Running after middle age might not be the waste of time many believe it is. A new study shows that older adults who run regularly use less energy while walking than those who only walk regularly, an improvement that could help seniors maintain mobility as they age.
"What we found is that older adults who regularly participate in highly aerobic activities — running in particular — have a lower metabolic cost of walking than older, sedentary adults and also lower than seniors who regularly walk for exercise," said the study’s lead author Justus Ortega, a professor of kinesiology at Humboldt State University, in a press release.
Senior runners consumed 7 to 10 percent less energy while walking than senior walkers. The rate of energy use by older runners was similar to that of young, sedentary adults — not quite the fountain of youth, but still a big improvement, considering that the loss of mobility can have a big impact on quality of life.
Running Strengthens Muscle Cells
The study, published Nov. 20 in PLOS One, included 30 healthy senior men and women, with an average age of 69. All of them exercised regularly; they had been walking or running for at least 30 minutes three or more times a week for six or more months prior to the start of the study.
To measure walking efficiency, the researchers studied oxygen consumption, carbon dioxide production, and factors like the length of a person’s stride as the volunteers walked on a treadmill at three different speeds.
Senior walkers and runners shared similar walking patterns, but had different levels of walking efficiency, so the researchers suspect that the difference lies inside their muscles.
"Because we found no external biomechanical differences between the older walkers and runners,” said study co-author Rodger Kram, a professor of physiology at the University of Colorado, Boulder, “we suspect the higher efficiency of senior runners is coming from their muscle cells."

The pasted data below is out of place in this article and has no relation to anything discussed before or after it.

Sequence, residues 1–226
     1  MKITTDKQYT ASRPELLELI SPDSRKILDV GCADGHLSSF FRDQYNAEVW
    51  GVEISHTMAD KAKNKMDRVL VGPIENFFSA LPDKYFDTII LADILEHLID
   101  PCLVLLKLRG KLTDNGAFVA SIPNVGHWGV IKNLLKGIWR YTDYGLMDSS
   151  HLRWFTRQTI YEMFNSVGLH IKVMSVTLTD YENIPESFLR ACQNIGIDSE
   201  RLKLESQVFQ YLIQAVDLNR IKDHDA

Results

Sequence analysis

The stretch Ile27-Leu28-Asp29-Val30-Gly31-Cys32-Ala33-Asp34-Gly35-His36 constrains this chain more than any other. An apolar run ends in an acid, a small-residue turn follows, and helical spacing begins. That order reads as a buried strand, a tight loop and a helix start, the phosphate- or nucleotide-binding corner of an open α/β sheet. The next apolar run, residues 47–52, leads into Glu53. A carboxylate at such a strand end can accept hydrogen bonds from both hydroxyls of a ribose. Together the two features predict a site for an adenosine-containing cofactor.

Older Adults Can Run Successfully
In addition to the overall health boost of regular exercise, running provides strength training for the lower body, which could spill over into improved walking. Other activities, such as walking quickly or uphill, or vigorous cycling, may be equally beneficial.
To really understand the benefits of running later in life, you only need to talk to longtime runners.
“I clearly feel younger than I should at this age,” said Steve Viegas, a 65-year-old runner from Reading, Massachusetts, who is a member of Mystic Runners and the New England 65+ Running Club.
Though Viegas has been running since high school (with some time off after college for an injury), he’s seen seniors successfully start a running routine.
“It’s very exciting for people that enter late in life. It’s transformative, unbelievably transformative,” he said. “Quite often, you can hit your personal record before you start to see the effect of aging.”
Running Later in Life Requires Patience
Making the transition, either from younger runner to older runner, or from a sedentary lifestyle to a more active one, requires patience and dedication.
“As we get older, a lot of things change,” said Dr. Thomas Ryan, director of the Heart and Vascular Center at Ohio State University. “You have to pay more attention to those changes as you get older. They become more and more important as we try to exercise without getting injured.”
Paying attention includes keeping an eye out for signs of distress — such as chest pain, shortness of breath, lightheadedness, or fainting — and reporting these to your doctor. If you’re starting a new exercise program from scratch, it’s also a good idea to check in with your doctor beforehand.
Whatever your age, the benefits of exercise — including a stronger heart, more robust bones and muscles, and improved balance — are worth the struggles you may face starting out.
“The benefits of exercise seem to be maintained throughout adult life and later in life,” said Ryan. “We just have to be a little bit smarter about it and use some of these common sense points to make sure we can do it without hurting ourselves.”
That’s something senior runners can be thankful for this year, and non-runners can ponder while they load up on Thanksgiving leftovers.